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Melancholia

25 Apr

Melancholia – directed by Lars von Trier. Drama. Two sisters faced with their own futility also face the end of the world. 130 minutes. Color 2011.

★★★

An artist must be judged by the atmospheric conditions he himself creates. So that looking at this story, one is at a loss to place one’s compassion on the spectacular catastrophe of the end of the world which it gives us and in the beauty of the aura surrounding that, because no one inside the aura of the piece and whom the aura sets off is human enough to warrant our care. Neither actress possesses intrinsic interest. They want words; they want temperament. Who hired them?

In terms of what they do as actors, we can see them as competent, but there is no special value in either to allow them to stand for all humans about to collide with the great finality. They are flat. They are ordinary. They lack even the interest of simplicity. They lack even the charm of children, as does their child, a numb little boy. No matter how technically proficient they may be, and these two women are proficient indeed, actors in starring roles must stand out on the basis of who they are before they are positioned. Stars gleam; these two do not. Technical proficiency is nice, but, in fact, is not even a minimum standard for stardom. And here, especially, we must see them as special when they are in competition for our very interest with two planets colliding.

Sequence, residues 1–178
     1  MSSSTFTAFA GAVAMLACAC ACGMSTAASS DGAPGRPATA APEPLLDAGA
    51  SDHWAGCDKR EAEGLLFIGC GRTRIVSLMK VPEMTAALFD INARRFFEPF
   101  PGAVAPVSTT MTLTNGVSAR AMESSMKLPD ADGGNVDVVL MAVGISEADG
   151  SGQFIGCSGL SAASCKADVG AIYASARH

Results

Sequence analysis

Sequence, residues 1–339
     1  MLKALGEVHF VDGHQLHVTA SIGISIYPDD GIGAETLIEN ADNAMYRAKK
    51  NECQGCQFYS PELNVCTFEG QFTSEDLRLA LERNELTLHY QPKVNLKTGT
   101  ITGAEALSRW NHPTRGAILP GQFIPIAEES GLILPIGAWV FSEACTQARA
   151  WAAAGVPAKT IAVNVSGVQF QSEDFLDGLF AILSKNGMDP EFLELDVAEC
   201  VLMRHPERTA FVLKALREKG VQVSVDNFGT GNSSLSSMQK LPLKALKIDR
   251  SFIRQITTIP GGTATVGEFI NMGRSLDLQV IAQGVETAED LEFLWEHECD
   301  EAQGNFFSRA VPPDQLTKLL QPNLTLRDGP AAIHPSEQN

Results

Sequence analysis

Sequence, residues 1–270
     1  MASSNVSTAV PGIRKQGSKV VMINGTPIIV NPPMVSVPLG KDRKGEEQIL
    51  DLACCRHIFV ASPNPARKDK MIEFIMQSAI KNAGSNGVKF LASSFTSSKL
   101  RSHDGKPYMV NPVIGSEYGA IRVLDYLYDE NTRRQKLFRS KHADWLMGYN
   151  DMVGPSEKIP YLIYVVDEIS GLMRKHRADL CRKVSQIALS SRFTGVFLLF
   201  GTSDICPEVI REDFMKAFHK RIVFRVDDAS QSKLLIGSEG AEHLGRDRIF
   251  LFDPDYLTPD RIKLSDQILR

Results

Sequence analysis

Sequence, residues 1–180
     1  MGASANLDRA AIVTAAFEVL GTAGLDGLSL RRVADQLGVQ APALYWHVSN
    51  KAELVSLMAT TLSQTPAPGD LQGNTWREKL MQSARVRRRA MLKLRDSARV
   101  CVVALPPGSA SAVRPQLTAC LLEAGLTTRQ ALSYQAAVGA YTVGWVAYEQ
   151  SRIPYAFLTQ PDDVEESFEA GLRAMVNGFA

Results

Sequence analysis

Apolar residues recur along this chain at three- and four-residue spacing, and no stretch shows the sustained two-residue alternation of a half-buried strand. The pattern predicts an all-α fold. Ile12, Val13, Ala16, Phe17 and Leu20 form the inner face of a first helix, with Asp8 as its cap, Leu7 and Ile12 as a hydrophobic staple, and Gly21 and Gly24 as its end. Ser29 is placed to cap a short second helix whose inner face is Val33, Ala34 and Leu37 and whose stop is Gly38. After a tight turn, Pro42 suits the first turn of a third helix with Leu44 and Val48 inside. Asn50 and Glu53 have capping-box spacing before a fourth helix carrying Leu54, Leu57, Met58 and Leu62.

Indeed, even on the grounds of technique, we are faced with an inexplicable inadequacy. Charlotte Gainsbourg’s and Kristin Dunst’s parents are played by John Hurt and Charlotte Rampling. But Dunst plays with a flat American accent. If the idea is to present her as without liaison with her family, it is an irrelevant maneuver. For Kiefer Sutherland, who is superb and right, also speaks with his native accent, which might be understandable because he married into this family. The problem is not whether they relate to one another but whether we relate to any of them. But because of the language disparity there is too much sorting out who is related to whom. I don’t know whether Dunst does not have the technical prowess or does not have the energy to speak the Queen’s English, but it does not matter that I rather suspect the latter, because either way the flaw is fatal.

Likewise, they all seem to live together in a big ugly palace – or do they? – for none of them relate to it as a familiar milieu. First you think it is a golf club? Or is it a country hotel? Or a former mansion on hire? So the actors fail to bring us into human relationship with the loss of an Eden because they themselves do not belong in it. We never feel this is their house, their home. It is a failure of acting technique. Eden must be not just exquisite but exquisite to those who are to lose it.

The director’s desire was to present the nature of depression, because it is a state he himself has known. This is justifiable. This is done well. It is well filmed. The story is there, although the script is underwritten. Underwriting is always a form of overwriting, which is why its simplicity always looks pretentious. But never mind. His job is still to make sure the actors come alive in the piece. They don’t. They are adequate. But Adequate is always inadequate, is it not?

Von Trier’s films are heavily influenced by Tarkovsky. They are empty and inert. See Tarkovsky instead.

 
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